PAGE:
I’m in Chicago this week, speaking again at the semi-annual meeting of the First Amendment Lawyers Association.
I love going to their meetings. They’re an inspirational, funny bunch of men and women. When the ACLU takes a case, or an individual or group fights for its most basic rights, it’s a First Amendment Lawyer who typically challenges the government.
Various attorneys outlined their current work:
* The continuing fallout from the Janet Jackson Superbowl nipplegate;
* An Ohio “decency” group’s attempt to eliminate strip clubs from the state;
* A Kansas county’s effort to zone adult bookstores out of existence;
* The Florida arrest of Max Hardcore for selling porn to adults;
* The upcoming Supreme Court challenge to the law that criminalizes the selling of vibrators in Alabama;
* The FCC’s insistence that certain words are bad for your kids to hear on TV—and its decision to enforce multi-million dollar fines on stations who broadcast one of them;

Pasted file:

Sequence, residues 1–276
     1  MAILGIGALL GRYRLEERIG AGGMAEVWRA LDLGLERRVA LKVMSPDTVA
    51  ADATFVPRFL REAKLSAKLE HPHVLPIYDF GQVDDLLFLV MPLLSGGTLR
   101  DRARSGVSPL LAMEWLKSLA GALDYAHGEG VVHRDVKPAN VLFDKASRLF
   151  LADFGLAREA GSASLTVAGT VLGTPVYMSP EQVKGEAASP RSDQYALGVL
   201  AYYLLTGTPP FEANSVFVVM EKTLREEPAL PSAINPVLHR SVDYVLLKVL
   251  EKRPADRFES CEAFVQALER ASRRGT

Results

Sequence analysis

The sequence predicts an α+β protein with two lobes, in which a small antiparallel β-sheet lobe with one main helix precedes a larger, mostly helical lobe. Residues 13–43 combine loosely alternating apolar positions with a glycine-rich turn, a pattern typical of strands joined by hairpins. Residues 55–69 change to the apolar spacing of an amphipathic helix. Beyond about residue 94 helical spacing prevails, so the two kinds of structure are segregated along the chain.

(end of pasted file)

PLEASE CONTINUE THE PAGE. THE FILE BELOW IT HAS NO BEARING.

* The Justice Department’s continued harassment of sexually-oriented internet sites.
Our country is built on a glorious infrastructure of civil liberties. Our Bill of Rights is an extraordinary set of promises outlining the many forms of free expression every American can count on. When the government—federal, state, even local—breaks one of those promises, it’s a First Amendment Lawyer who not-so-gently reminds government of its obligations. It’s hard, dirty, thankless work.
Like everyone, I used to make lawyer jokes, because they were an easy target. But no more. After all, I’ve learned that it’s the 90% of lawyers that give the other 10% a bad name.
I feel proud to live in a country with a Bill of Rights, continually dismayed that the government breaks that contract so often—and grateful that there are First Amendment Lawyers to protect and enforce that precious promise.
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